In the world of SRE, incidents are unplanned investments in reliability. Why? Because they are valuable opportunities to learn and grow. This perspective can be difficult to communicate to other stakeholders. Some may be upset about the cost incurred or the affected customers. Others might not understand why incidents happen in the first place. It is important to show how the lessons of an incident are relevant to each stakeholder role.

One of the most valuable tools in sharing these lessons is the incident retrospective or postmortem. These documents are built after the incident response process and reviewed in internal meetings. Sometimes an edited version is shared with external stakeholders. In this blog post, we’ll show how to coordinate incident retrospectives across different stakeholder groups, how to cultivate a culture of blamelessness during the process, and how to drive change from key findings.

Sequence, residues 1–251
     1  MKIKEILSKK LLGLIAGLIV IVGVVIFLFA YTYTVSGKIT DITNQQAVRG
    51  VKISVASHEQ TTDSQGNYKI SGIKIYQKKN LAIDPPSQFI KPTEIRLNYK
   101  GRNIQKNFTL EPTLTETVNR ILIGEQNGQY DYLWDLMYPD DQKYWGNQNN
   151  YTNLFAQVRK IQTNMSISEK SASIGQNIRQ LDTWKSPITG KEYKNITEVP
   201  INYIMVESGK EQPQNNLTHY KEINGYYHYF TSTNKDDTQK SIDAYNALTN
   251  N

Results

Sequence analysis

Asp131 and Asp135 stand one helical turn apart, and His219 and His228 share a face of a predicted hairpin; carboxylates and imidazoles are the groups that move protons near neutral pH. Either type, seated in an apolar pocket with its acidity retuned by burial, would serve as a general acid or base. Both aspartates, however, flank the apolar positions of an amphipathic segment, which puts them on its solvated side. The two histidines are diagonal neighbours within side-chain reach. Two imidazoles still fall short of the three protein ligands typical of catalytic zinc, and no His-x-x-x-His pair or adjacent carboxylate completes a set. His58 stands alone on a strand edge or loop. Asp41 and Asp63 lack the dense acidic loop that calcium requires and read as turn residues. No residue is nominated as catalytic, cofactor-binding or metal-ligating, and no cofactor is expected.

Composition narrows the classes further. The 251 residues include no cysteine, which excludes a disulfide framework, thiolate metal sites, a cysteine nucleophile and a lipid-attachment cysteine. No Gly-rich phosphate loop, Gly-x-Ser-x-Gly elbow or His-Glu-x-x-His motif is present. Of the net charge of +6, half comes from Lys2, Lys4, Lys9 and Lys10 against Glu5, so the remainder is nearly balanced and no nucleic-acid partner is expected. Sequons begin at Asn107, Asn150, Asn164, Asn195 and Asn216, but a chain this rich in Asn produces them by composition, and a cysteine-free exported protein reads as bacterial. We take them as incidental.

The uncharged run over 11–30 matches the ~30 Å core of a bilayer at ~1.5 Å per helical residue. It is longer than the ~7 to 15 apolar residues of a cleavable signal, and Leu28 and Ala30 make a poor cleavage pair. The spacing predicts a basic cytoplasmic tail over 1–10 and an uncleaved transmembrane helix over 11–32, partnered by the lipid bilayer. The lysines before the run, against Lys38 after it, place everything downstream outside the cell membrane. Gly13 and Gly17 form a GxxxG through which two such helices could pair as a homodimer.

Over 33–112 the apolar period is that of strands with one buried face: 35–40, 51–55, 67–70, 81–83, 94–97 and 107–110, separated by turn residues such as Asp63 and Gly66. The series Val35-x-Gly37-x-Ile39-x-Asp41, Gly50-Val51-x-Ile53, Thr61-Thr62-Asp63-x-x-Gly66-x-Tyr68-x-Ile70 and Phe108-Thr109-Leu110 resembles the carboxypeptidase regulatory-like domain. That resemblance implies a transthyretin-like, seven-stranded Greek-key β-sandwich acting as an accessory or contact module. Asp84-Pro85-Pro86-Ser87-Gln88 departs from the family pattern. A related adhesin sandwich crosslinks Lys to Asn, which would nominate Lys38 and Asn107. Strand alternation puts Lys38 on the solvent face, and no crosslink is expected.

Crafting an Incident Retrospective That Connects With Each Stakeholder

Many stakeholder groups will want to see and discuss incident retrospectives. When writing them, keep in mind a few key pieces of information that each group will be most interested in. This can save you time answering questions later on. Modular documents with moveable sections can be especially helpful for this.


The Secret of Communicating Incident Retrospectives
1.60 GEEK